It’s no secret that refinance mortgage rates are at historically low levels and there are more refinancing opportunities available than there were a year ago. Many people paying six percent or higher are scrambling for refinancing with today’s best mortgage lenders like Amerisave. Why is it then that some of your neighbors are getting a better deal than others? I mean really, why should those jerks get lower mortgage rates than you? Here are several tips before you refi to make sure your neighbors don’t one-up you when it comes refinancing your home.
Mortgage Lenders Are Crafty Bastards
Advertisers have one goal when crafting their campaigns. They want to separate you from your money and they’ll say just about anything to accomplish that goal. Mortgage lenders are no different and bait-n-switch tactics are alive and well in today’s market. There are several tricks they use to promote overpriced home loans that you need to know about when refinancing your home.
The first thing you need to know about advertised refinance rates is that the interest rates you see on tv and advertised online are based on having a credit score of 820 or better. If your credit score is lower then you’re simply not going to qualify for the advertised refinance mortgage rates. Those rates are also based on having a favorable loan-to-value ratio. The amount of equity you have in your home can make mortgage refinancing much more expensive if not become a barrier to qualifying altogether.
Beware Overpaying Discount Points
The second trick mortgage lenders use to make their loan offers appear more attractive is quote interest rates based on discount points. Mortgage Refinance Rates appeared stuck at just over four percent at the end of last year; however, several of the best refinance companies were suddenly advertising in the neighborhood of three percent. Did mortgage rates go down? No, these mortgage companies were simply quoting interest rates with discount points hidden in the fine print.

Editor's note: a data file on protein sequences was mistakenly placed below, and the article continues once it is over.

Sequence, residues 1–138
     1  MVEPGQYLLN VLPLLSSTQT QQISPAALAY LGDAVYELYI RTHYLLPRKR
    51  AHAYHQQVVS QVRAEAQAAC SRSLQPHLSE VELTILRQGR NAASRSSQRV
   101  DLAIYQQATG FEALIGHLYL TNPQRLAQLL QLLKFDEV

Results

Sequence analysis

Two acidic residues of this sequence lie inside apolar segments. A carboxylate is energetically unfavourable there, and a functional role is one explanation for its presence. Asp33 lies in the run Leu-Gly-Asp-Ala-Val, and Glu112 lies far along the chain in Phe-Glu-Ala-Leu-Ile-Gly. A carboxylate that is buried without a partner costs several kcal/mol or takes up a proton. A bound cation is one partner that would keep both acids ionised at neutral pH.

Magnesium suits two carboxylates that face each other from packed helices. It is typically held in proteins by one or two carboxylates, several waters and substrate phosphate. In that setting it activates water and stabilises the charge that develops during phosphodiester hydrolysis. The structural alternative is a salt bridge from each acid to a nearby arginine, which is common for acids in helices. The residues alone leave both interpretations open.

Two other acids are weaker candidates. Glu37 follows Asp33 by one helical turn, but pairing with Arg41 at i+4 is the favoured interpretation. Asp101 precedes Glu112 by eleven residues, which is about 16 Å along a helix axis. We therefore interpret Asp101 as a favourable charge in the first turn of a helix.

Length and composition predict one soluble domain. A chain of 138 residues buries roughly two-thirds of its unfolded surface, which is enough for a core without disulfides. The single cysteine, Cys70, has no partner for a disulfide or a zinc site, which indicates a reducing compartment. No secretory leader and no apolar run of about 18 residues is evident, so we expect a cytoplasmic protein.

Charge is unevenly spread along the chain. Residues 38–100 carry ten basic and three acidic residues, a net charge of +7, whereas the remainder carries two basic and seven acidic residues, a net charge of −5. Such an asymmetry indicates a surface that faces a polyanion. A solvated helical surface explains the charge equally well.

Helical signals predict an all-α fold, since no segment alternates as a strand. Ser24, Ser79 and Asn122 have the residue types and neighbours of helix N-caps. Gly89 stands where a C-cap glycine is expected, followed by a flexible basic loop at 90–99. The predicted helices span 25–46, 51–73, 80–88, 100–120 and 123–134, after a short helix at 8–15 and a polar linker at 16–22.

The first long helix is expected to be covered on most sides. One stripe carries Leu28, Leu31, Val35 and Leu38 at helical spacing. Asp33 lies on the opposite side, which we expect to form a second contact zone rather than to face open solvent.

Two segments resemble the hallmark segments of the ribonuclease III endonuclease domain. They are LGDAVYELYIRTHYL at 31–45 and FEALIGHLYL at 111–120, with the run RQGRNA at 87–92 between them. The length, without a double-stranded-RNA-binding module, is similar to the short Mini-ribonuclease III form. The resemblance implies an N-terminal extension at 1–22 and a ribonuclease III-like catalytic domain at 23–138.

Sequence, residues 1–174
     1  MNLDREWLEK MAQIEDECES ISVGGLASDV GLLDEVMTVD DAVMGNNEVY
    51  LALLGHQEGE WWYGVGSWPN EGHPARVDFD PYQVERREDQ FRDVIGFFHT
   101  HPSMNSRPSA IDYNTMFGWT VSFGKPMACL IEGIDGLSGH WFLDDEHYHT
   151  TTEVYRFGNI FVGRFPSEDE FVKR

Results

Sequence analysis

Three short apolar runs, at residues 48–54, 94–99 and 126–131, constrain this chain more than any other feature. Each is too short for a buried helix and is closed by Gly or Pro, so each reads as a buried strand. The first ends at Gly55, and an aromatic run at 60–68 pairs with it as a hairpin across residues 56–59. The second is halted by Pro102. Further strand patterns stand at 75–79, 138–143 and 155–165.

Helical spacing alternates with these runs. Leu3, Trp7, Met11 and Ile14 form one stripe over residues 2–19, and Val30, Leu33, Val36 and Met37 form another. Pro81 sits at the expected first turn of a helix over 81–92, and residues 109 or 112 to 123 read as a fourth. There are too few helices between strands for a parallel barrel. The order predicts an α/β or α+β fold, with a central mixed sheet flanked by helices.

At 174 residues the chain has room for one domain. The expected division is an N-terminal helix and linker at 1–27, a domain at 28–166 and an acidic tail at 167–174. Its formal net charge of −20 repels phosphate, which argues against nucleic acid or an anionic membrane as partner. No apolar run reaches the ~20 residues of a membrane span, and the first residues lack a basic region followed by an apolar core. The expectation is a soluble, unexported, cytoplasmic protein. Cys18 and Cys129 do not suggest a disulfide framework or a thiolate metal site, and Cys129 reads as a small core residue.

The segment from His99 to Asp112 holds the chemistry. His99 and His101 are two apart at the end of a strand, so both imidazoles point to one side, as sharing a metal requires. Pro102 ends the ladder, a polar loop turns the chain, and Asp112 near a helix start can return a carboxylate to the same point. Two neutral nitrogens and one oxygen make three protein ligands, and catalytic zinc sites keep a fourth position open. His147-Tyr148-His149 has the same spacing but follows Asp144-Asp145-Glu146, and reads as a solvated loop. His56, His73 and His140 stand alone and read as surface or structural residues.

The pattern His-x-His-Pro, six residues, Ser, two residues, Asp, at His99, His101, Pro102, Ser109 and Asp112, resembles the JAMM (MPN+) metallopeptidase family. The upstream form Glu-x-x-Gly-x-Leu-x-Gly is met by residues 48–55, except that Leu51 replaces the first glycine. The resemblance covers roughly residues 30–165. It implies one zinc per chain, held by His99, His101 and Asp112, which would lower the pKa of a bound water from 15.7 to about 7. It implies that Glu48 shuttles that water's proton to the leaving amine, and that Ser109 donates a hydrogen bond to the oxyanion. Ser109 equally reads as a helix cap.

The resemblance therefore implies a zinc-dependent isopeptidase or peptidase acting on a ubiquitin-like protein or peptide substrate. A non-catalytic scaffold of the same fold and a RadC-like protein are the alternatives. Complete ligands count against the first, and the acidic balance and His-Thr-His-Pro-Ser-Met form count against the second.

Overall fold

Remember, discount points are a fee you pay at closing for lowering your mortgage refinance rates. One discount point is one percent of your home loan amount and typically lowers your interest rate by .25 percent. Should you agree to pay discount points when refinancing your home? With interest rates at such low levels it’s not only unnecessary but overpaying at closing could make refinancing a losing proposition.
How to Lose Money Refinancing Your Home
Agreeing to unnecessary discount points or paying too much for the mortgage loan origination fee results in more cash out of your pocket at closing. Did you know the fees you pay when mortgage refinancing determine how good of a deal you’re getting regardless of how low your mortgage rates? The reason fees are so important is that if you don’t recoup your out-of-pocket expenses from closing you’re losing money no matter what. The more you pay for mortgage refinancing the more difficult it’s going to be to break even. Here’s an example to show you how to calculate your break-even point on your mortgage refi.
Suppose you’re refinancing your home for $350,000 and you qualify for a mortgage refinance rate of 4.5 percent. You agree to pay .25 in points in addition to a 1.5 percent loan origination fee as well as the required lender fees. Your negotiable fees in this case (points and loan origination) total $6,125. ($875 in points plus $5,250 for the origination fee)
The old payment was based on a mortgage rate of 5.5 percent and was $1,987 per month. Your new payment based on a refinance mortgage rate of 4.5 percent is $1,773. The difference between your old and new payment amount is $214 per month. That’s awesome, how can saving $214 on your mortgage payment go wrong?
How You Refinance Matters
The question of how good of a deal you’re getting boils down to how much you’re paying to save that $214 per month. In this example the two fees that you can negotiate total $6,125. Based on your monthly savings of $214 it’s going to take 29 months, almost two and a half years to break even recouping your out-of-pocket expenses. If you refinance again before breaking even on your closing costs you’ll be losing money no matter how low your refinance rates.
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